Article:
The Jewish community of Edinburgh completed and welcomed a Torah scroll -- Judaism's most sacred object -- with a unique and celebratory ceremony on March 19 at Chabad on Campus at Edinburgh University.
More than 100 students, faculty and community members were in attendance as an expert ritual scribe inked the final letters of the magnificent scroll, as done 3,300 years ago for the very first time by Moses. Following the completion of the Torah, the community joyously danced with the sacred scroll, which is the first one in Scotland ever dedicated to Jewish students.
An authentic Torah scroll is a mind-boggling masterpiece of labor and skill. Comprising between 62 and 84 sheets of parchment-cured, tanned, scraped and prepared according to exact Torah law specifications, and containing exactly 304,805 letters, the resulting handwritten scroll takes months to complete. Timeless dictums hold for a certified Torah scribe and everything from the character of the scribe to the quality of the parchment and type of ink are taken into account. The slightest error voids the entire 54-portion parchment.
"The addition of this unbroken chain of Jewish tradition and survival is an exciting event for the students at the university and the wider Edinburgh community,” said Rabbi Pinny Weinman, who co-directs the center with his wife Gitty "The Torah is the essence of our identity as Jews and many who joined us mentioned that it was an experience they would never forget.”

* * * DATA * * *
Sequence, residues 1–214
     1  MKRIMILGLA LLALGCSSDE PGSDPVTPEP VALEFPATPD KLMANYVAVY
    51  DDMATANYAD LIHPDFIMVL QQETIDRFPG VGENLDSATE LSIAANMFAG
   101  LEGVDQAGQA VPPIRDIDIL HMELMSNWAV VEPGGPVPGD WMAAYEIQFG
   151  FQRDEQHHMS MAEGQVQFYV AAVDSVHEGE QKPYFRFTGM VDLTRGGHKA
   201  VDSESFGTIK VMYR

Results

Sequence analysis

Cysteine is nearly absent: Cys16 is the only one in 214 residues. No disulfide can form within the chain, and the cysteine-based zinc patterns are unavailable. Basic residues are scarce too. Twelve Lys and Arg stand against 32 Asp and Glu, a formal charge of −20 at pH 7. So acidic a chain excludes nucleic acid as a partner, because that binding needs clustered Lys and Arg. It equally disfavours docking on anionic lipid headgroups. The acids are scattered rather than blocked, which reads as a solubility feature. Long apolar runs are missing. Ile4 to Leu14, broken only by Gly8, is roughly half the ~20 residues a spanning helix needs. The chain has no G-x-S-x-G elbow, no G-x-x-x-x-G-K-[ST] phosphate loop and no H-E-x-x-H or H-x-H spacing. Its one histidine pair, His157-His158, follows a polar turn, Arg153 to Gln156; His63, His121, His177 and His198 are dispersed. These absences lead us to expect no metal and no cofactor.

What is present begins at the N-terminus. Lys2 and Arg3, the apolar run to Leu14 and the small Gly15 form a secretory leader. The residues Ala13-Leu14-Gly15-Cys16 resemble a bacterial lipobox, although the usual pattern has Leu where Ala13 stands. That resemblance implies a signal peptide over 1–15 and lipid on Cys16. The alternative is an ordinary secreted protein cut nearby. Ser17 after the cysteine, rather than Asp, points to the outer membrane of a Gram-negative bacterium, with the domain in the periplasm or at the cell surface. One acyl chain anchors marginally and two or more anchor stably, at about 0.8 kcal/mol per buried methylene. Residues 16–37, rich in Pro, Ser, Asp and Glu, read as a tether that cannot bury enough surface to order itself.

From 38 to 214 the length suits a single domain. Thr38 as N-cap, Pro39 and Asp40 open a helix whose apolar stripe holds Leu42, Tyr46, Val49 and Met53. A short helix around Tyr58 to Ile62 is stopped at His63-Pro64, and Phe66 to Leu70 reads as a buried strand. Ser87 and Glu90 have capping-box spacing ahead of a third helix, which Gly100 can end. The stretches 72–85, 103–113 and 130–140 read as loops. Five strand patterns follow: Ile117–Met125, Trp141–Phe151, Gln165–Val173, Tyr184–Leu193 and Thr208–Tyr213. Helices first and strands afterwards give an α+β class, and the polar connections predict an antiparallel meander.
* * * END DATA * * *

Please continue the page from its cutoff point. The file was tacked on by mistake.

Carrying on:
The event also marked eight years of Chabad of Edinburgh and a number of students spoke about the impact of Chabad in their lives. “As a child, Judaism was always just to make mom and dad happy, but now, I go to Chabad because I really enjoy hanging out there and being a part of all the events,” said Saskia Samuel. Yakira Kellman, a freshman from New York, echoed that sentiments, describing her initial hesitation about traveling so far from home, and her joy at finding such a wonderful and supportive community at Chabad on campus.
Chabad of Edinburgh received its Torah courtesy of the Beis Yisroel Torah Gemach (BYTG), a free Torah-loan program that finds scrolls sitting unused in synagogues, then fixes and redeploys them to Synagogues around the world. In partnership with Chabad on Campus International, 4 additional scrolls were also distributed to other Chabad on Campus centers.